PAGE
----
mammography, says Mendlick. This includes better resolution, easier to read scans, increased accuracy and a quicker throughput time (the time from which the mammogram is completed until the time the radiologist reads the scan and makes a diagnosis) because it is all computerized. A recent study of thousands of women reported in the “New England Journal of Medicine” in 2005 demonstrated that digital mammography is more accurate than film mammography for detecting breast cancer in women with dense breasts, those younger than 50 and those who are premenopausal or perimenopausal. It is estimated that 30 percent or more of women have dense breasts. Usually, women under 50 as well as thin, smaller-framed women are more likely to have dense breasts. Digital mammography may also be more effective at finding tumors in heavy women with fatty breasts. Dense breast tissue is more difficult to evaluate because it shows up as white blotches on a mammogram film. Calcifications, which can be early signs of breast cancer, show up as very small white flecks. Irregu-

Ruth WassingeR Marathoner, Breast Cancer Survivor, Author

;9>DEBE=OĂ&#x2026;>7IĂ&#x2026;C7:;Ă&#x2026;7Ă&#x2026;BEJĂ&#x2026;E<Ă&#x2026;J>?D=IĂ&#x2026; <7IJ;HÂ Ă&#x2026;EĂ&#x2026;M>OĂ&#x2026;I>EKB:Ă&#x2026;OEKĂ&#x2026;IJ?BBĂ&#x2026;>7L;Ă&#x2026; JEĂ&#x2026;M7?JĂ&#x2026;M;;AIĂ&#x2026;<EHĂ&#x2026;J;IJĂ&#x2026;H;IKBJIÂ? 7OD;Ă&#x2026;;DIEHÂ&#x2026;Ă&#x2026;Â&#x2026;Ă&#x2026;B;=;DJĂ&#x2026;;7BJ> JĂ&#x2026; B;=;DJĂ&#x2026; ;7BJ>ÂŤIĂ&#x2026; D;MĂ&#x2026; H;7IJĂ&#x2026; ;7BJ>Ă&#x2026; ;DJ;HIÂ&#x2026;Ă&#x2026;OEKÂŤBBĂ&#x2026;=;JĂ&#x2026;OEKHĂ&#x2026;:?=?J7BĂ&#x2026;C7CCE=H7CĂ&#x2026; H;IKBJIĂ&#x2026;M?J>?DĂ&#x2026;suĂ&#x2026;>EKHIÂ Ă&#x2026;KJĂ&#x2026;CEH;Ă&#x2026;?CFEHJ7DJBOÂ&#x2026;Ă&#x2026; ?<Ă&#x2026; 7DOJ>?D=Ă&#x2026; IKIF?9?EKIĂ&#x2026; ?IĂ&#x2026; <EKD:Â&#x2026;Ă&#x2026; M;ÂŤBBĂ&#x2026; C7A;Ă&#x2026; IKH;Ă&#x2026; OEKĂ&#x2026; H;9;?L;Ă&#x2026; 7BBĂ&#x2026; <EBBEMĂ&#x201E;KFĂ&#x2026; J;IJ?D=Ă&#x2026; Â&#x2022;Ă&#x2026; ?D9BK:?D=Ă&#x2026;7Ă&#x2026;8?EFIOĂ&#x2026;Â&#x2022;Ă&#x2026;M?J>?DĂ&#x2026;7Ă&#x2026;C7JJ;HĂ&#x2026;E<Ă&#x2026;:7OIÂ&#x2026;Ă&#x2026; DEJĂ&#x2026;M;;AIÂ Ă&#x2026;>;Ă&#x2026;VHIJĂ&#x2026;H;7IJĂ&#x2026;;7BJ>Ă&#x2026;;DJ;HĂ&#x2026;M?BBĂ&#x2026; EF;DĂ&#x2026;7JĂ&#x2026; 7A;I?:;Ă&#x2026;EIF?J7BĂ&#x2026;J>?IĂ&#x2026;<7BBĂ&#x2026;7D:Ă&#x2026;IEEDĂ&#x2026;7JĂ&#x2026; EJ>;HĂ&#x2026;B;=;DJĂ&#x2026;;7BJ>Ă&#x2026;BE97J?EDIÂ Ă&#x2026;EĂ&#x2026;OEKÂŤBBĂ&#x2026;VD:Ă&#x2026; J>;Ă&#x2026;97H;Ă&#x2026;OEKĂ&#x2026;D;;:Ă&#x2026;M>;H;Ă&#x2026;?JÂŤIĂ&#x2026;CEIJĂ&#x2026;9EDL;D?;DJĂ&#x2026; <EHĂ&#x2026;OEKÂ Ă&#x2026;<J;HĂ&#x2026;7BBÂ&#x2026;Ă&#x2026;J>?IĂ&#x2026;?IĂ&#x2026;OEKHĂ&#x2026;>;7BJ>97H;Â rĂ&#x201E;y{{Ă&#x201E;  Ă&#x2026; B;=;DJÂ 9EC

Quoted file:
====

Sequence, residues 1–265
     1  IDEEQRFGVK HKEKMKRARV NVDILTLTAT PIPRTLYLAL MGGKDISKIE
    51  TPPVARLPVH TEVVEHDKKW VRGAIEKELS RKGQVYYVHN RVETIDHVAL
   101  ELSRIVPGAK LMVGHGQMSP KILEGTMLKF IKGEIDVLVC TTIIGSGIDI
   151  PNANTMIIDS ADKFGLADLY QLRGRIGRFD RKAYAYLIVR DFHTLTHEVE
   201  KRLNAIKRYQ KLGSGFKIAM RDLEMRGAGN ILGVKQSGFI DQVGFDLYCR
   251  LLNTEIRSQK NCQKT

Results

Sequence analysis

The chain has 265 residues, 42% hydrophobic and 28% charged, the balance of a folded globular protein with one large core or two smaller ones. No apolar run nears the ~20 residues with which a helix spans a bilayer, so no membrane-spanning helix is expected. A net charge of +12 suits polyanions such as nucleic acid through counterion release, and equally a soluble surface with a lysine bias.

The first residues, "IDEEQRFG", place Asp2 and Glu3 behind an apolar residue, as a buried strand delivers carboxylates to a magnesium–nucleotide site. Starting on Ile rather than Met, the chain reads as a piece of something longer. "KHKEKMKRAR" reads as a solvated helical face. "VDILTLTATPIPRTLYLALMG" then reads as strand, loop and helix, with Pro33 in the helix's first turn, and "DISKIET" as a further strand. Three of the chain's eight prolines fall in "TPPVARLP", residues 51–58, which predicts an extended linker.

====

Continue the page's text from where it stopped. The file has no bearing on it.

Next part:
october/november 2008

Ruth Wassinger of Plattsmouth was once one of the 70 percent of Americans who do not exercise regularly. She had never in her life been athletic, not even in high school. After turning 50, Wassinger decided to start jogging. After much training, self-discipline and family support, she started entering marathons, starting with the Omaha Marathon in 2003. Wassinger encourages other women 50 and over to become active in her book, â&#x20AC;&#x153;Fit After 50: Getting Up and Running Physically, Mentally and Professionally.â&#x20AC;? In the book, Wassinger explains her running program and how it has helped her to relate to lifeâ&#x20AC;&#x2122;s challenges in a healthier way. When she started running, Wassinger found other areas of her life improved. â&#x20AC;&#x153;I became a better wife, mother, professional and public servant.â&#x20AC;? Amid preparations for the Boston Marathon, Wassinger found a walnut-sized lump in her breast and was diagnosed with cancer. Chapter 15 of her book, â&#x20AC;&#x153;When the Race Chooses You,â&#x20AC;? recounts this experience, which included a double mastectomy. Wassingerâ&#x20AC;&#x2122;s OB/GYN doctor feels the positive attitude and focus she has from her long-distance running gives her a great advantage in dealing with the cancer. Wassinger is a financial planner. She also speaks to groups and promotes her book to encourage others to be "Fit After 50". For more information about her book and about Ruth Wassinger, see